Diego Schwartzman came through a potentially stern challenge in Kevin Anderson on Wednesday in fine form. Despite there being a roof on Louis Armstrong Stadium, the first set was plagued with dramatic rain delays. The weather was so bad in New York that the wind blew the rain sideways into the stadium, leaving the court unplayable as the first set went on. Though neither player was at all pleased with the conditions, it was the Argentine who took the initiative, beating Anderson 7-6(4) 6-3 6-4.
Diego Schwartzman Beats Kevin Anderson
A Dramatic First Set
Many had foreseen this as a tricky encounter for Schwartzman due to Anderson’s monstrous serve and booming groundstrokes. However, he isn’t the player he once was due to injuries and age, and is therefore more reliant on his serve. Couple this in with the fact that Schwartzman has won the second most return games on tour this year (second to Nadal, in front of Djokovic), and it’s clear who the favorite really was.
Anderson started the match far brighter by breaking the Argentine to love in his first service game, but was then immediately broken back. The first set then went on pretty routinely with break points coming and going for either player, with Anderson even missing a set point on Diego’s serve.
At 5-5 the rain seeping through the roof was clearly too much of a hindrance to both players, so play was suspended while the officials did their best to ensure the court was dry and safe to play on. They resumed play after half an hour, but this didn’t last all too long as the rain was still coming through.
In the tiebreak Anderson again made the better start with some poor Schwartzman errors and a slip due to the wet court. At 4-4, Schwartzman was understandably displeased with the court conditions, as was Anderson, so they came off court once again. Another ten minutes later and play resumed, with Anderson serving having been unfortunately interrupted by the rain delays.
Schwartzman took full advantage and was the more aggressive and focused player, winning the next three points to take the set.
Schwartzman Takes Control
The court was soon unplayable once again, so the decision was made to take the players off court and that it would resume on Arthur Ashe Stadium once Tsitsipas vs Mannarino had concluded.
Once play resumed, Schwartzman was pretty much unstoppable. He was reading the Anderson serve comfortably and was dominating the points. Anderson for his own sake had a pretty poor day off the ground, finishing with a whopping 58 unforced errors, though he did blast 48 winners too.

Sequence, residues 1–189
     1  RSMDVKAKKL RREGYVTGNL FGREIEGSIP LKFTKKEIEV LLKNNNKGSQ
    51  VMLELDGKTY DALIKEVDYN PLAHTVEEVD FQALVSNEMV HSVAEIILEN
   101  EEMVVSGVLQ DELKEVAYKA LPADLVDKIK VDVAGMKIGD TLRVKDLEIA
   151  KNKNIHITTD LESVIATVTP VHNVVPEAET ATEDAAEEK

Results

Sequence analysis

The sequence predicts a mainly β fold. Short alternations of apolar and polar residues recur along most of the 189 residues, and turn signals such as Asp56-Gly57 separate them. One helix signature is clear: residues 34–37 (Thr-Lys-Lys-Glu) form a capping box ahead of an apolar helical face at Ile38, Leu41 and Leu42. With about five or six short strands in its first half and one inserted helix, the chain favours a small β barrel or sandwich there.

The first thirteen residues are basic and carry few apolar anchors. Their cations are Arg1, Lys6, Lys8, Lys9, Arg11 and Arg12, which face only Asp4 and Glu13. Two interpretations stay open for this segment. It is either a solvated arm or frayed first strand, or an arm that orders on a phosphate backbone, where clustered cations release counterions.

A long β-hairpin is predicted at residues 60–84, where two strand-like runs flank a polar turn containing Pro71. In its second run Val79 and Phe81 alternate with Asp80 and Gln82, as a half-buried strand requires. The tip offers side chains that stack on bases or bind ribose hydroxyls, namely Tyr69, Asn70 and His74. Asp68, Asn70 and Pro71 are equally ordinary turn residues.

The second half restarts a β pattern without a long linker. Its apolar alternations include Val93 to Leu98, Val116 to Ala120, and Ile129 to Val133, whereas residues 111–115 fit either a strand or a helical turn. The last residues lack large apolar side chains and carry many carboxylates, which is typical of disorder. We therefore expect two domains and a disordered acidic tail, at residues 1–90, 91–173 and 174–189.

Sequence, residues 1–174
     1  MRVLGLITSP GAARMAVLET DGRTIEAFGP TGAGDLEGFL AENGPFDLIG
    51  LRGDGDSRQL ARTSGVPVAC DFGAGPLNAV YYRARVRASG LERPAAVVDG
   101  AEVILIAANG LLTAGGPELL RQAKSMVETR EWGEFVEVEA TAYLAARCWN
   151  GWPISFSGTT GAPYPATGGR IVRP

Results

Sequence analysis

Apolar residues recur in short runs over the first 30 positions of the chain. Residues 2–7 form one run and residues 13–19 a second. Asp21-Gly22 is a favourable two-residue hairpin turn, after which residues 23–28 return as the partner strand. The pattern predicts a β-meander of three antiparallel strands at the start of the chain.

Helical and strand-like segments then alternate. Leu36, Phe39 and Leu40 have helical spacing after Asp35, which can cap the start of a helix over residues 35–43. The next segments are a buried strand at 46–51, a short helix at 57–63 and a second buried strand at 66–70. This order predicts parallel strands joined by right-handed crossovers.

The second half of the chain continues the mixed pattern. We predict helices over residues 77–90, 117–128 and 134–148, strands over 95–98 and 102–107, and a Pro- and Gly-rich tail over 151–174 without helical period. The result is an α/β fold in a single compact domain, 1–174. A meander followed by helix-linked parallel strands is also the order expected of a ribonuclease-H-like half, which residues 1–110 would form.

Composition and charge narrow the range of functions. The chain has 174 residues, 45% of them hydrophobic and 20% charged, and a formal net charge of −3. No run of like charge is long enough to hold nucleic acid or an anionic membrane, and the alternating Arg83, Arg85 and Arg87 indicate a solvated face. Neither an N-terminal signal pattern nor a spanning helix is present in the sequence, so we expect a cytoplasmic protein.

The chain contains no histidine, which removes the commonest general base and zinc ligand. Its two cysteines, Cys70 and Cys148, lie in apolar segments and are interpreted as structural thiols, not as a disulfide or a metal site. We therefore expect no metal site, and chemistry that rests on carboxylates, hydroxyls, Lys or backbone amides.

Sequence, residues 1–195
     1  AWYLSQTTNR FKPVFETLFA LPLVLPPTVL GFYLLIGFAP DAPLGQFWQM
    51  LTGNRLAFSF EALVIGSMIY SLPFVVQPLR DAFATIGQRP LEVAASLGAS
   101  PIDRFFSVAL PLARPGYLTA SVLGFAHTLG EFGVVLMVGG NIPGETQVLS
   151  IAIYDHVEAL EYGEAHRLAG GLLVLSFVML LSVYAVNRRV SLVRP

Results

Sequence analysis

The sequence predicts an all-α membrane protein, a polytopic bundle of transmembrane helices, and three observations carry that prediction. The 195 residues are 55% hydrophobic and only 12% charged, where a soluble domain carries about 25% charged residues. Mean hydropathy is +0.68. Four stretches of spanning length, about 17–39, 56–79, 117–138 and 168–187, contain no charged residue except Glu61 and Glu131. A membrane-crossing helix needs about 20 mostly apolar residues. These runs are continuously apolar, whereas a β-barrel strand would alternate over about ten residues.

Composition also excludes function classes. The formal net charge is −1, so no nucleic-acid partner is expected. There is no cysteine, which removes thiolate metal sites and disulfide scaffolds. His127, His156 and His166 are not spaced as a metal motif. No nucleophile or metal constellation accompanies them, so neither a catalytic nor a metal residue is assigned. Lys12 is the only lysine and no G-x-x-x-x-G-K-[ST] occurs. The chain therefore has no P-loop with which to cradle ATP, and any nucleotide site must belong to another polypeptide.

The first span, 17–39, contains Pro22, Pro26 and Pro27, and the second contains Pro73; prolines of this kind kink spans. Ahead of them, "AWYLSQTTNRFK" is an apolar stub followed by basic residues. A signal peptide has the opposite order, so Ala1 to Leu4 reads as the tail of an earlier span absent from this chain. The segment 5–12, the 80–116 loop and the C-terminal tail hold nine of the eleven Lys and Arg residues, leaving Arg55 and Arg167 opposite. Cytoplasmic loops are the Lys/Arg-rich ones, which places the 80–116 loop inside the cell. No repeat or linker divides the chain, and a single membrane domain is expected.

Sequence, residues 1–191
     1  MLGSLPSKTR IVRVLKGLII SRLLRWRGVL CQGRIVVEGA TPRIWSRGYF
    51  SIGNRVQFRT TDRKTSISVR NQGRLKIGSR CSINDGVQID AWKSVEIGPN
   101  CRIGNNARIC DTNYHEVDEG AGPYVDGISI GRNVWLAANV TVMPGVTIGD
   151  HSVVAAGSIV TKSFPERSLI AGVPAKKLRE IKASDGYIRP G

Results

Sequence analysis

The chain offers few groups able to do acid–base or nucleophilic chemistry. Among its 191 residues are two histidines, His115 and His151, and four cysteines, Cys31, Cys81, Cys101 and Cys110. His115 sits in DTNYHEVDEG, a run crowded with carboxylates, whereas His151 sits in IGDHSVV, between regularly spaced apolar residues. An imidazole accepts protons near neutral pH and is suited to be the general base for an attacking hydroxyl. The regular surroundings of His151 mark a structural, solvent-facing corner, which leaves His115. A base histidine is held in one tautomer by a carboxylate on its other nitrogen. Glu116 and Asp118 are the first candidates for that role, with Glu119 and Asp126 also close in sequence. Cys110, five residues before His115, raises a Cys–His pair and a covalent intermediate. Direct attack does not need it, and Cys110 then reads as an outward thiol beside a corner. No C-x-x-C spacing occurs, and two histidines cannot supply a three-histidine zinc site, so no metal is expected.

The 11th seed wasn’t at his best in the first set, which is where a number of his 21 unforced errors came from. However, his ability to neutralize Anderson’s weapons and grind him down as the match went on showed why he’s so good at taking down the bigger guys.
Another stat that will please him is that he won 72% of points on his first serve. Anderson is no great returner by any means, but it’s very positive that Schwartzman can defend one of his slight weaknesses so well.
A Dream Quarterfinal Path
With John Isner and Casper Ruud being taken out early doors, Schwartzman now has a fantastic chance to reach his third US Open quarterfinal. Isner would have posed a similar threat as Anderson, which I’m confident Diego would’ve seen off fairly comfortably also. Ruud just beat him in Cincinnati and has been in great form, so this will be somewhat relieving for him.
Schwartzman will now player qualifier Alex Molcan in the third round, who is on a great run of form after taking out Brandon Nakashima. If the 11th seed plays like he did in sets two and three on Wednesday, this should be a good win for him. He will then face either the impressive qualifier Botic van de Zandschulp who took out Ruud, or fellow countryman Facundo Bagnis.
Realistically, these next two rounds should be pretty comfortable for Schwartzman, and it would be highly surprising to not see him reach his third quarterfinal here. He could then meet one of the big title favourites Daniil Medvedev, which is likely where his US Open will end. I’m sure Schwartzman can put up an impressive fight and cause the Russian some problems, but he’s just too good right now.
Given his stature, Diego Schwartzman reaching this stage three times in four years on these fast courts would really be some achievement.
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